One of the techniques that virtualization administrators have long used to bring down the cost of running a virtualized workload is to do everything possible to maximize a host’s virtual machine density (or potential density). This means creating and configuring virtual machines in a way that allows the host to simultaneously run as many virtual machines as possible. One of the problems with trying to achieve the highest possible virtual machine density, however, is that you can never allocate all of the server’s hardware resources to running virtualized workloads. The hypervisor is always going to have to claim some hardware resources for itself. Without these resources, the hypervisor cannot run, and therefore cannot host virtual machines. This is true of Hyper-V, ESXi, and every other Type 1 hypervisor. Being that some administrators will inevitably try to squeeze every last byte out of virtualization hosts, Microsoft long ago implemented a root memory reserve for Hyper-V. The root memory reserve sets aside a small amount of the server’s physical memory for use by Hyper-V. This ensures that the server’s memory will never be depleted to the point that Hyper-V itself ceases to function.
Root memory reserve: Things not always as they seem
Although the basic concept of a root memory reserve seems undeniably important, things are not always what they seem. There are situations in which you might be doing yourself a disservice by using the root memory reserve. Specifically, the root memory reserve might reduce a host’s potential VM density.
Hyper-V is no longer a one-size-fits all solution. Back in the day, Hyper-V came in two flavors. There was a standalone version of Hyper-V Server, and Hyper-V could also be deployed as a server role within Windows Server. In either case, Hyper-V was run and managed as a server service. Today, however, we also have client Hyper-V. Client Hyper-V runs on a desktop operating system such as Windows 10 and is almost never used to host production workloads. The point is that client Hyper-V is used differently from Hyper-V Server, so it does not necessarily make sense to manage the two platforms’ memory in the same way. Thankfully, Microsoft has modified Windows 10 so that client Hyper-V does not use a root memory reserve by default.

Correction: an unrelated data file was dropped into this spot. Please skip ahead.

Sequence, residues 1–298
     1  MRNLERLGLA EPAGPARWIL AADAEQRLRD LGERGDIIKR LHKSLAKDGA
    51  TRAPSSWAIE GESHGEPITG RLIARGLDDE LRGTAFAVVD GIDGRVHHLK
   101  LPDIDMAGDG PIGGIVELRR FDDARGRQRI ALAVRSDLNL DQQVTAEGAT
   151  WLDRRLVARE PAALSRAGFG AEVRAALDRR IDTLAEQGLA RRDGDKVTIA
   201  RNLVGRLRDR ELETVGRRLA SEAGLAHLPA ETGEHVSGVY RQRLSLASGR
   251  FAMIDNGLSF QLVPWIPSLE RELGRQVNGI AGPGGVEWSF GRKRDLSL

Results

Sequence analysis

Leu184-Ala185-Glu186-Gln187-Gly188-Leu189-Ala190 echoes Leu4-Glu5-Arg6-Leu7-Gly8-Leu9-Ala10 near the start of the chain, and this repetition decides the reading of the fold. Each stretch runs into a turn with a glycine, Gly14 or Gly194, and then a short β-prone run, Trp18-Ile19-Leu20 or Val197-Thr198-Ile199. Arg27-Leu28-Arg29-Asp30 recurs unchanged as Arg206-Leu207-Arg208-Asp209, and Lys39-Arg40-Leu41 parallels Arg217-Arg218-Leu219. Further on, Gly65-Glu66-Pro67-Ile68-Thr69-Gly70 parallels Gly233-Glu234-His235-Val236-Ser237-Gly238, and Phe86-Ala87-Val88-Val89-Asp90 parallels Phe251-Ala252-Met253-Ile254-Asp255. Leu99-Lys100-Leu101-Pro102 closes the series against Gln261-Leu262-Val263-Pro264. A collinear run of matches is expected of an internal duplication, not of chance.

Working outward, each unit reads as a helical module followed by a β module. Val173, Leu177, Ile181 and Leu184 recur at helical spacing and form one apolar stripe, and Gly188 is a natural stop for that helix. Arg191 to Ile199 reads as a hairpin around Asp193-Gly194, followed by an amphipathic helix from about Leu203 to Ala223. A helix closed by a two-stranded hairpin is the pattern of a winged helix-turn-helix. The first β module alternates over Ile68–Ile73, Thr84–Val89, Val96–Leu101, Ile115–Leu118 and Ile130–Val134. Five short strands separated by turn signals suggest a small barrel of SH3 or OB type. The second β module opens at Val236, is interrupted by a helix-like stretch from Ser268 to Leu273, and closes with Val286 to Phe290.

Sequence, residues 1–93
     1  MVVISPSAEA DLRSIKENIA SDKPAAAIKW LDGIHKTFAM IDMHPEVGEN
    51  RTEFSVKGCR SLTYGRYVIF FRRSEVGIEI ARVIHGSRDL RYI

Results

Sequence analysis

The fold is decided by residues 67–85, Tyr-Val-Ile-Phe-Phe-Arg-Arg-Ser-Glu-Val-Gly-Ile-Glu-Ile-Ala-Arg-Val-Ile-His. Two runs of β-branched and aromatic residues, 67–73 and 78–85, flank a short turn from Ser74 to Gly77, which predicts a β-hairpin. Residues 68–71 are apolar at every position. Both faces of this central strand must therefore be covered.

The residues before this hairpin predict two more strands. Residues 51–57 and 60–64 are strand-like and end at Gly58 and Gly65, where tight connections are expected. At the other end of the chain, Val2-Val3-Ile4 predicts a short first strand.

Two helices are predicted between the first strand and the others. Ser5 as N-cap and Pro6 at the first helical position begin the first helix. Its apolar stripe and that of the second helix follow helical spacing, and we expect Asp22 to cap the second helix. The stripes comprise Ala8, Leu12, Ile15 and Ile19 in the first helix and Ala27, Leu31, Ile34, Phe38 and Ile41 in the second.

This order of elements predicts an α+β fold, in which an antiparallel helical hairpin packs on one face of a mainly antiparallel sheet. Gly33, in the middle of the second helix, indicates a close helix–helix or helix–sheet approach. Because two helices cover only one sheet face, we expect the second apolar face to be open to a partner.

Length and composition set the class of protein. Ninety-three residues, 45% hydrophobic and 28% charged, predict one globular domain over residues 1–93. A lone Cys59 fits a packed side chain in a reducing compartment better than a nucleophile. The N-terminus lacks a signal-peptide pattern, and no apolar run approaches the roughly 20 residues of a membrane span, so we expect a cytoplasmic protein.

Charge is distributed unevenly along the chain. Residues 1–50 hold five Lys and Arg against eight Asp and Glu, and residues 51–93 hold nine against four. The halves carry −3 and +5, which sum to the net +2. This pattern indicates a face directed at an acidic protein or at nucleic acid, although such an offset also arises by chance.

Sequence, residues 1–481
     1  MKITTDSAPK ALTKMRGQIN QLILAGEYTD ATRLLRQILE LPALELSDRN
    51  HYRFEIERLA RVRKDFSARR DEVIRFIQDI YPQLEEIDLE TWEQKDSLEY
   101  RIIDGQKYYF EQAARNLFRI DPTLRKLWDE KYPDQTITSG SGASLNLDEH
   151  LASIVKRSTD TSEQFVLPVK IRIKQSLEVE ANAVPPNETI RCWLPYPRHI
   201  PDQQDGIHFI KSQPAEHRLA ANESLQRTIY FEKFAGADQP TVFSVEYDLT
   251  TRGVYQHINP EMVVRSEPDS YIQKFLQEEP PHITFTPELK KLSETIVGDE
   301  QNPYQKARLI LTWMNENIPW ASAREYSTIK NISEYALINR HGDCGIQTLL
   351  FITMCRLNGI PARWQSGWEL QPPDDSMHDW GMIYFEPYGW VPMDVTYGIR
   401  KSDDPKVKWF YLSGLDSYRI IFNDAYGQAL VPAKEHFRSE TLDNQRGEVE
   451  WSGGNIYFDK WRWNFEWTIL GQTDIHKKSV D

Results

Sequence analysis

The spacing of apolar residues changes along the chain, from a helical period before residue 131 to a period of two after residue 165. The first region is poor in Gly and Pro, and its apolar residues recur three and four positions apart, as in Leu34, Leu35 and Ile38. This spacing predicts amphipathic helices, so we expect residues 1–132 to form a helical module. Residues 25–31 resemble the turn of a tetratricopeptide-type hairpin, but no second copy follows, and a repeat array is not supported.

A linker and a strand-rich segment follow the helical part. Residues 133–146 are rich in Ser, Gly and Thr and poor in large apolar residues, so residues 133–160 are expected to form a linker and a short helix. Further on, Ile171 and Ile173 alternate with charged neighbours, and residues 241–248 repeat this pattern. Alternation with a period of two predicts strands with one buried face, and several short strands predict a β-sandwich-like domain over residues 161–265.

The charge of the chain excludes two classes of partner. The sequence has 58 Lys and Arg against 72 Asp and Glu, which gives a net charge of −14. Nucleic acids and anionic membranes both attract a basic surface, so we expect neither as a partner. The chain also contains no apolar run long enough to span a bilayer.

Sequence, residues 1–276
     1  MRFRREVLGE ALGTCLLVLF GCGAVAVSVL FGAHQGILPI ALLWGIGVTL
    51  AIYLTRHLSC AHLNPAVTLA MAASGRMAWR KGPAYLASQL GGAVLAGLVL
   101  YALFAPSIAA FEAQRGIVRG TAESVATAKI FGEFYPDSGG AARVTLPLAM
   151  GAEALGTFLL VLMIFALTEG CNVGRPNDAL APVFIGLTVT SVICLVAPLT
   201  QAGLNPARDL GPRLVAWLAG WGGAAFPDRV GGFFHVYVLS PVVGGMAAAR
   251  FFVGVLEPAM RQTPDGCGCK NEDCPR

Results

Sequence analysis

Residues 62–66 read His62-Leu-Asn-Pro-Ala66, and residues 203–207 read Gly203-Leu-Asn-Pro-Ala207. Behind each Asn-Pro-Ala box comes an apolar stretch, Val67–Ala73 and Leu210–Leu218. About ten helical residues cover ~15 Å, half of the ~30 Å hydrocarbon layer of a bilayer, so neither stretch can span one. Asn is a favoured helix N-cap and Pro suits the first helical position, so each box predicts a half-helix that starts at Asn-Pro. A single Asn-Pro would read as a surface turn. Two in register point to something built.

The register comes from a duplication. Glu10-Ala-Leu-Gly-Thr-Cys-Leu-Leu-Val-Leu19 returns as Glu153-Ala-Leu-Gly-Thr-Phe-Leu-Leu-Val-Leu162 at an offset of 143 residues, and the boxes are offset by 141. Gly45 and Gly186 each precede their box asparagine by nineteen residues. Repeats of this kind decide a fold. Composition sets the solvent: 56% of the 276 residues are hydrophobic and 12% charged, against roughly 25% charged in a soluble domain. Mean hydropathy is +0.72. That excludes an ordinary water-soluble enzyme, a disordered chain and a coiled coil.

So why wouldn’t you want to use a root memory reserve on Windows 10? I mean sure, Windows 10 is different from Windows Server, but doesn’t the root memory reserve still have its place on Windows 10? Sometimes it does, and you can manually set a root memory reserve by creating a registry key. However, the root memory reserve is known to sometimes cause problems related to starting virtual machines.
The problem is that sometimes a Hyper-V host may not have enough memory available to start a VM, even though it would seem that there is plenty of memory available. In fact, I encountered this problem myself a few months ago when attempting to run a large number of VMs on a Hyper-V host. Some of the VMs refused to start due to insufficient memory, even though the Task Manager told me that there was more than enough memory available.
Suppose for a moment that a Hyper-V host has 16GB of RAM. If we assume that the parent operating system needs 2GB of RAM to function, then that theoretically leaves 14GB for hosting Hyper-V virtual machines. In actuality, however, the system reserve could be consuming up to about another 2.5GB of RAM, meaning that the amount of memory available for hosting VMs could be as little as 11.5GB.